New environmental legislation for Scottish petrol stations

A new Petrol Vapour Recovery (PVR) standard which captures petrol vapours released into the environment from larger petrol stations is set to become a legislative requirement in Scotland.

The content of the new standard is currently under consultation by the Scottish Environment Protection agency (SEPA), and follows on from an initial consultation in December 2010. It is expected the finalised standard, which aims to provide better environmental regulation, will be introduced at the start of 2012.

As part of the measures, petrol recovery for the refuelling of motor vehicles, known as PVR Stage II, will only apply to existing petrol stations with an annual petrol throughput of 3,500 cu m or more.

Meanwhile, the PVR Stage I rules will cover the unloading of petrol from mobile containers, such as tankers. Deliveries of petrol will still be allowed to take place at anytime.

SEPA head of operations Janice Milne, said: "SEPA wants to reduce the regulatory burden on petrol stations and we believe that the introduction of standard rules will bring a range of potential benefits for businesses regulated under PPC.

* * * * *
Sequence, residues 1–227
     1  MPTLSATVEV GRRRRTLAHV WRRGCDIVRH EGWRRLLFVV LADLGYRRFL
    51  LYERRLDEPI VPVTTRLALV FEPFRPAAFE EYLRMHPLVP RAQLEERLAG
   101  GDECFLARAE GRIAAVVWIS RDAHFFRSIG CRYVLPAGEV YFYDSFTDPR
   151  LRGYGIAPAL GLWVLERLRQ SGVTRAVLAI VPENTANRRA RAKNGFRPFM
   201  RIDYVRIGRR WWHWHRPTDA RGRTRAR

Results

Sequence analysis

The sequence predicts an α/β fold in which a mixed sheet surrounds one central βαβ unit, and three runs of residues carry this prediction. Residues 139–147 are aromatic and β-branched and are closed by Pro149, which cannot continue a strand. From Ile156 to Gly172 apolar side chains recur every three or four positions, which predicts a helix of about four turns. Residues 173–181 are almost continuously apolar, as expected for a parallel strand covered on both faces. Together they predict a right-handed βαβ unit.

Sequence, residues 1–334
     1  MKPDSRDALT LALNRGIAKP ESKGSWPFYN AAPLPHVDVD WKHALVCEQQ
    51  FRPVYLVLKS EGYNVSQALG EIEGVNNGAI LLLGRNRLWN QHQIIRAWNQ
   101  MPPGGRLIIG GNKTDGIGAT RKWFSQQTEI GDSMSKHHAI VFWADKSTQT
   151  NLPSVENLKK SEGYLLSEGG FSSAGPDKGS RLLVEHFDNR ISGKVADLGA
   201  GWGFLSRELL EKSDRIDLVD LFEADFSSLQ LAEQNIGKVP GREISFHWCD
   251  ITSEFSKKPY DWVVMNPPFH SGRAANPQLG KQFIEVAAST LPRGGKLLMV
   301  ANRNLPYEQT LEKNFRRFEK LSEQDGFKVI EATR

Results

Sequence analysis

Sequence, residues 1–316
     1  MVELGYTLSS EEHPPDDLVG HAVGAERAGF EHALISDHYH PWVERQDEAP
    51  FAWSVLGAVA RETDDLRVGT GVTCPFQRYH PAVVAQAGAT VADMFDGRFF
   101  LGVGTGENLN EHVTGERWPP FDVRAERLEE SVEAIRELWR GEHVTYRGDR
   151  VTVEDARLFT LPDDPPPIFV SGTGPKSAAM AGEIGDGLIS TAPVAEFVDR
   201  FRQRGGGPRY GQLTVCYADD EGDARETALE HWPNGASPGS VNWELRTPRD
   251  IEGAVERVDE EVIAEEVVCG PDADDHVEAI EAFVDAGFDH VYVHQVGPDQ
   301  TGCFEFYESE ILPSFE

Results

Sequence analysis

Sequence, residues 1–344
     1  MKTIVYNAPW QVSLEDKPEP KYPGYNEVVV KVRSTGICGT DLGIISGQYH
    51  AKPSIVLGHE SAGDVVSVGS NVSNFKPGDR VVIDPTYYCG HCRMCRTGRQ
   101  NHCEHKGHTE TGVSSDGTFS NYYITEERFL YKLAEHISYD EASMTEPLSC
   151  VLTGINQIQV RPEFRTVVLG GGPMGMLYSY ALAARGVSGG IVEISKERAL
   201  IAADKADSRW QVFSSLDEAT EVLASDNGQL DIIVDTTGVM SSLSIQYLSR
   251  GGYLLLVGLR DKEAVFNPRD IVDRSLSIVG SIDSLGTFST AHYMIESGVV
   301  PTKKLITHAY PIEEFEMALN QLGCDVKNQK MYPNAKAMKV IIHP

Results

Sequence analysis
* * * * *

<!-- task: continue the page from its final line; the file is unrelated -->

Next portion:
"One of the areas we sought views on was the greater use of statutory obligations, notifications and registrations for lower risk sites. 82% of respondents supported the idea and SEPA chose to develop the principle within its regulatory regime. The introduction of standard rules for petrol vapour recovery activities is part of this new approach."

Changes to the way operators apply for PVR standard rules permits will also be made, and as a result, from January 2012 operators will be able to apply and pay for their application using the SEPA website.

Ms Milne added: "If PVR Stage II applies to an operator's station, they need to apply for a 'substantial variation' to their current permit in January and February 2012. If PVR Stage II does not apply to their site, they do not have to do anything."

A copy of the consultation can be found here.

Carys Matthews


consultation | Scotland


Energy efficiency & low-carbon
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